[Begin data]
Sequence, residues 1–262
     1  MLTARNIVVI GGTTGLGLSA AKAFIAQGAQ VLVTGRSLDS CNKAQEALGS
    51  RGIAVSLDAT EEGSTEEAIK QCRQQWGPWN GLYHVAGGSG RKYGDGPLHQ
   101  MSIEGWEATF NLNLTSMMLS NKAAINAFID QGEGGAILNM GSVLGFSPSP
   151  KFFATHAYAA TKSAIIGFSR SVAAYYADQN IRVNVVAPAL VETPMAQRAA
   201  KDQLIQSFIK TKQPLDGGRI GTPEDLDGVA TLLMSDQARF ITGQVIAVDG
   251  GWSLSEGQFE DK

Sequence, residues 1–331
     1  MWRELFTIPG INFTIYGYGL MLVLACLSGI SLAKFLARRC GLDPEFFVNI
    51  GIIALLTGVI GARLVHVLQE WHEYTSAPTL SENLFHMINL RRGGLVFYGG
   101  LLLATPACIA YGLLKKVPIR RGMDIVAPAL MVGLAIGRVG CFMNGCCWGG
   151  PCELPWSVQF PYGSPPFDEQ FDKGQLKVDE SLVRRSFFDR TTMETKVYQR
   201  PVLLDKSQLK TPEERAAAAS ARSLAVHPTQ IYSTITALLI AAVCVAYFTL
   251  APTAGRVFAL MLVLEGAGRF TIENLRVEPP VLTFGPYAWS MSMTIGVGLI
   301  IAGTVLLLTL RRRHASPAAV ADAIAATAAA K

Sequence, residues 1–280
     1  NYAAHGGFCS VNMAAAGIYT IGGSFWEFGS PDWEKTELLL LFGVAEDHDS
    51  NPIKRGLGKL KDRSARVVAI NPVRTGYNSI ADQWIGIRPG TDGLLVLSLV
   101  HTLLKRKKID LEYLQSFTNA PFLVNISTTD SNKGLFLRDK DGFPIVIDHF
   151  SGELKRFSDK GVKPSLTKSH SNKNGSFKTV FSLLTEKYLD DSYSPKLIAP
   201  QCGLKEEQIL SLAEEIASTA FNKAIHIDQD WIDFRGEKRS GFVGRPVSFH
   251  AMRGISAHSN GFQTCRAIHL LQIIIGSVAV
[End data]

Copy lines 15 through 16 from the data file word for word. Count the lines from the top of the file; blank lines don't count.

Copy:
   301  IAGTVLLLTL RRRHASPAAV ADAIAATAAA K

Sequence, residues 1–280